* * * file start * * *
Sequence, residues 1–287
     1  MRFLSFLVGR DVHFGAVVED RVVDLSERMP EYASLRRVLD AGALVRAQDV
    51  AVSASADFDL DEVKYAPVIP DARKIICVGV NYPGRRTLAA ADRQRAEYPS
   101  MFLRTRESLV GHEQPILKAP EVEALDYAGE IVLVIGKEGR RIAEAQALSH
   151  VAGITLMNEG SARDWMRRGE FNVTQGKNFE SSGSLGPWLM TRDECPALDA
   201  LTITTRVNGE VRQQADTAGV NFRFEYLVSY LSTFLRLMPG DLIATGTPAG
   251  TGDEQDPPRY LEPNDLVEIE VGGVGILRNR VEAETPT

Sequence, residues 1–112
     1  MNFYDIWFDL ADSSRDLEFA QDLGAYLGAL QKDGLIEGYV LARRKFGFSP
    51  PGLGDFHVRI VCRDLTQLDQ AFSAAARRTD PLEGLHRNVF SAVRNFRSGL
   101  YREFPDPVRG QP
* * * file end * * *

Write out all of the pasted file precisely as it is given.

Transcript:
Sequence, residues 1–287
     1  MRFLSFLVGR DVHFGAVVED RVVDLSERMP EYASLRRVLD AGALVRAQDV
    51  AVSASADFDL DEVKYAPVIP DARKIICVGV NYPGRRTLAA ADRQRAEYPS
   101  MFLRTRESLV GHEQPILKAP EVEALDYAGE IVLVIGKEGR RIAEAQALSH
   151  VAGITLMNEG SARDWMRRGE FNVTQGKNFE SSGSLGPWLM TRDECPALDA
   201  LTITTRVNGE VRQQADTAGV NFRFEYLVSY LSTFLRLMPG DLIATGTPAG
   251  TGDEQDPPRY LEPNDLVEIE VGGVGILRNR VEAETPT

Sequence, residues 1–112
     1  MNFYDIWFDL ADSSRDLEFA QDLGAYLGAL QKDGLIEGYV LARRKFGFSP
    51  PGLGDFHVRI VCRDLTQLDQ AFSAAARRTD PLEGLHRNVF SAVRNFRSGL
   101  YREFPDPVRG QP